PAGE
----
Frequently Asked Questions (FAQs)

faq, frequently asked questions


Investing in mutual funds is like investing your money on auto pilot mode where instead of your taking any investment decisions, a mutual fund company hires experienced fund managers who are responsible to take most significant decisions regarding investing your money. Mutual fund companies create a pool of investment from investors and invest this pooled money in various securities.
Mutual funds are managed by professionals who have expertise in financial market. The pooled money invested by various investors is invested in various securities. Mutual fund companies decide when to invest, where to invest and how much money should be invested in a specific financial asset class. Generated profit is distributed among investors as per the proportion of their investments.
Yes, mutual funds are regulated by Security and Exchange Board of India (SEBI). SEBI makes the policies for mutual funds and also regulates the mutual fund industry. SEBI constantly lays guidelines for the mutual funds to safeguard the investors’ interest.
Investors need to understand that mutual funds do not guarantee any returns. All mutual funds have some amount of risk. However, the risk varies from case to case. You should always choose your mutual funds based on your goals, investment horizon and risk profile. If you are investing for short term you may choose the debt mutual funds, on the contrary if you are investing for a long period, you may consider investing in equity mutual funds. You can also choose a blend of debt & equity or combination of various investment instruments like, SIP, STP, SWP etc to mitigate the risk. You should choose mutual funds based on your risk profile and financial objectives.
ICICI Prudential, Aditya Birla Sun Life, HDFC, Axis Fund, Mirae assets, Kotak are some of the top mutual fund companies in India.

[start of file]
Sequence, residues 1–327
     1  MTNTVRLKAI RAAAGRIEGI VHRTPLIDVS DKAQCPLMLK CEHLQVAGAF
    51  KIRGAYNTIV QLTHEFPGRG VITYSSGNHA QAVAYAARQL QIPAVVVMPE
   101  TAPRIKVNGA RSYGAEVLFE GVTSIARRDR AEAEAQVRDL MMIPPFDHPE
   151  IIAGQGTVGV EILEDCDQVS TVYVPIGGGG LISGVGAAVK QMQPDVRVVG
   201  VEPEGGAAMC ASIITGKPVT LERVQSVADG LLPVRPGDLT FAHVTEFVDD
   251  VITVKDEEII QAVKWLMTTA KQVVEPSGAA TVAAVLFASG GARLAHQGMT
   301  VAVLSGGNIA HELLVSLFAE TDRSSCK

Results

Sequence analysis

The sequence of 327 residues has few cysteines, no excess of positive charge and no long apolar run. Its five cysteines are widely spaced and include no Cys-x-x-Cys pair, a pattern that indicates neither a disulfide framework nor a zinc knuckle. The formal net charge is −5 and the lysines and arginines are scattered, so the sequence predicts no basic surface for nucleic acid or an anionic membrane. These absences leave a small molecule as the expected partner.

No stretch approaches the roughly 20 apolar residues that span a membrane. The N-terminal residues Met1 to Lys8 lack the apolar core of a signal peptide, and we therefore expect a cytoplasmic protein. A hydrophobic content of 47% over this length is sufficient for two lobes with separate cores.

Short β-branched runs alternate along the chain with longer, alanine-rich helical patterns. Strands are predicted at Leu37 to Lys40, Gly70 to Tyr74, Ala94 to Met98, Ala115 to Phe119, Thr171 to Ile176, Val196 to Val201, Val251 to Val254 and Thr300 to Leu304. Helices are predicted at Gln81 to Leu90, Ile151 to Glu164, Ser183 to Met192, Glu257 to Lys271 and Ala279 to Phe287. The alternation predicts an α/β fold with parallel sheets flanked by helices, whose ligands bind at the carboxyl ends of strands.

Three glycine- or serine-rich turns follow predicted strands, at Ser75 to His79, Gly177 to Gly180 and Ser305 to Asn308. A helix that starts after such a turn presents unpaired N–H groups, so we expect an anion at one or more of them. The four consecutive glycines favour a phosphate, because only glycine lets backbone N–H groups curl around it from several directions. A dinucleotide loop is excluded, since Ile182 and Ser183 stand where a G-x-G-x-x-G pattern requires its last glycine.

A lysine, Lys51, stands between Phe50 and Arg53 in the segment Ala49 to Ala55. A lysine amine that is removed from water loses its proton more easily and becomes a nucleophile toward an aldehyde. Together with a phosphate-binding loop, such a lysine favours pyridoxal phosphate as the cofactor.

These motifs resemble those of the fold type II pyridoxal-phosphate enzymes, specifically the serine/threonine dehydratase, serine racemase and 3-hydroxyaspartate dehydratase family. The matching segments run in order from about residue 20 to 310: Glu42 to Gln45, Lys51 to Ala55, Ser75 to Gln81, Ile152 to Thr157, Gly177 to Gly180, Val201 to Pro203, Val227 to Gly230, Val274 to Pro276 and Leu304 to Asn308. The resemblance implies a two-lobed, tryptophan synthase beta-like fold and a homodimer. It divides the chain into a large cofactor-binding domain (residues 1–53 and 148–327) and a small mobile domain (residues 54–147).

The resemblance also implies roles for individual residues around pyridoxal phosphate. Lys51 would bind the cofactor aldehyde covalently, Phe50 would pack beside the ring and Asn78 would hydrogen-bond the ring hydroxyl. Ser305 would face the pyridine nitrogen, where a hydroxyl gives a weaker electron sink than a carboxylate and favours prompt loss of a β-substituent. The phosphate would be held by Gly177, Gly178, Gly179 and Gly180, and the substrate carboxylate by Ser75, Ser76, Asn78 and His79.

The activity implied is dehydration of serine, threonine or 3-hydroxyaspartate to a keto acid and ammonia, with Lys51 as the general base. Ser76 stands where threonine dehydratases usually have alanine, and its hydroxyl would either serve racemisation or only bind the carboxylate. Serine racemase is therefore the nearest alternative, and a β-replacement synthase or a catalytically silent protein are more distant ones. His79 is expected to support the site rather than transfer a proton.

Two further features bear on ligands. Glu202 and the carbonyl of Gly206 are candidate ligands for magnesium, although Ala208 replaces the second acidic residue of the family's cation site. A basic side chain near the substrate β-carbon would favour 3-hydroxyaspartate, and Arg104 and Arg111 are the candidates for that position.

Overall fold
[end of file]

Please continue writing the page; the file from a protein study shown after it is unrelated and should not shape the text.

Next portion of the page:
A direct Plan of any mutual fund scheme is a plan that lets an investor to invest in mutual funds by interacting directly with the Asset Management Company (AMCs), without involving a broker or distributor. Investors are free to invest in direct Plans, as per the needs and demands of their portfolio.
A regular plan is mutual fund plan where you are investing through an intermediary like advisor, broker, or distributor. In a regular plan, the mutual fund company pays a commission to such intermediaries.
A lot of investors have variety of financial goals at regular intervals and they do not know to achieve them so you will need a person who can guide you through the ups and downs in the market to reach your financial goals that you have planned throughout your life span. Financial advisors showcase the best techniques on how you can save your money, invest it in various financial assets through a range of platforms and ultimately grow your fortune over a period of time. If you have specific financial goals like tax planning, retirement plans, education planning for kids, buying house etc they can help you in understanding your goals from the investment point of view and provide you with a set of asset allocations so that you can reach your goals in desired time.